Let’s call a group marginally simple if it does not have any non-trivial marginal subgroup (strict definition of marginal subgroups and brief overview of their properties can be found here: https://groupprops.subwiki.org/wiki/Marginal_subgroup). Does there exist some sort of classification of finite marginally simple groups?
$G^n$, with $G$ being a finite simple group, is always marginally simple as it has no nontrivial characteristic subgroups and all marginal subgroups are characteristic. Moreover, all groups that have no non-trivial characteristic subgroup (or even no non-trivial verbal subgroup, as shown here: Does there exist some sort of classification of finite verbally simple groups?) are of this form. However, maybe marginally simple groups are more abundant…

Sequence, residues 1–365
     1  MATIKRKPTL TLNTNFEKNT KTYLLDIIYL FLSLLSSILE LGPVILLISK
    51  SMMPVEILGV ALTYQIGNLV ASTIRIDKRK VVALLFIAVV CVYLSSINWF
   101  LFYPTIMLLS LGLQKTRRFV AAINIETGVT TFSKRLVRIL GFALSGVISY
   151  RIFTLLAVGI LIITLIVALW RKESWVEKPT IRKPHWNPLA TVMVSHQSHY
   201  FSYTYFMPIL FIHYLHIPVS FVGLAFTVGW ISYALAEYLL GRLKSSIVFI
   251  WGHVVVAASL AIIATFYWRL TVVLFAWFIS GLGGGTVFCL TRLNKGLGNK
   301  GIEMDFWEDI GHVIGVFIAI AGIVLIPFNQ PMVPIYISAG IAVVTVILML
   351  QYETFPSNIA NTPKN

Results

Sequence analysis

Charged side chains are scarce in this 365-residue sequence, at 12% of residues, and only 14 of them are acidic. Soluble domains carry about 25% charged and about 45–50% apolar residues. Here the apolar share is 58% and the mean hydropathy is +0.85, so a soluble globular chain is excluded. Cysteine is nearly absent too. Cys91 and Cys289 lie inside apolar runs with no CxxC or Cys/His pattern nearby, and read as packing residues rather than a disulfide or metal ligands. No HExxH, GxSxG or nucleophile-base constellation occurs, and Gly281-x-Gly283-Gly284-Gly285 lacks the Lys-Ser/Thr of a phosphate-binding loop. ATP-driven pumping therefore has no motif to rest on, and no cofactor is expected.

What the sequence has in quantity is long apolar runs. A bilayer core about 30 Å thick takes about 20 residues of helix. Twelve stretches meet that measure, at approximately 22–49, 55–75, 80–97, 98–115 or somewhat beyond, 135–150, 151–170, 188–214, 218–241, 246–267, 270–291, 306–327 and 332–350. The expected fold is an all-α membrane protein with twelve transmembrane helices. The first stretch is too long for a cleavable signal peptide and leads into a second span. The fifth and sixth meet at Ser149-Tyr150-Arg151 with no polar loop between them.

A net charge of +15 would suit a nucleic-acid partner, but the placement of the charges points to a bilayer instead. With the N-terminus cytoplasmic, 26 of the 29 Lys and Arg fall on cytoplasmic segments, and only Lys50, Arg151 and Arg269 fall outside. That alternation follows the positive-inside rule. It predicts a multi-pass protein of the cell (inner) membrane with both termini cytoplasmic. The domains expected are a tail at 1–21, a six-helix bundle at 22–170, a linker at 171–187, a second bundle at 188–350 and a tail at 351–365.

If $G$ is marginally simple it is either abelian or centerless, as center is a marginal subgroup.
If $G$ is abelian, then any marginal subgroup in it can be defined using a word $x^n$. That results in marginal subgroups of abelian groups being exactly the sets of all elements of order dividing $n$. And the only abelian groups that have no subgroups of such type are exactly $C_p^n$ for prime $p$, which makes them the only abelian marginally simple groups.
However, I do not know, how to deal with the case, when $G$ is centerless.
EDIT: Actually, there do exist finite marginally simple groups, which are not characteristically simple. One of the possible example series is $S_n$ for $n \geq 5$ (For what $n$ is $A_n$ a marginal subgroup of $S_n$?)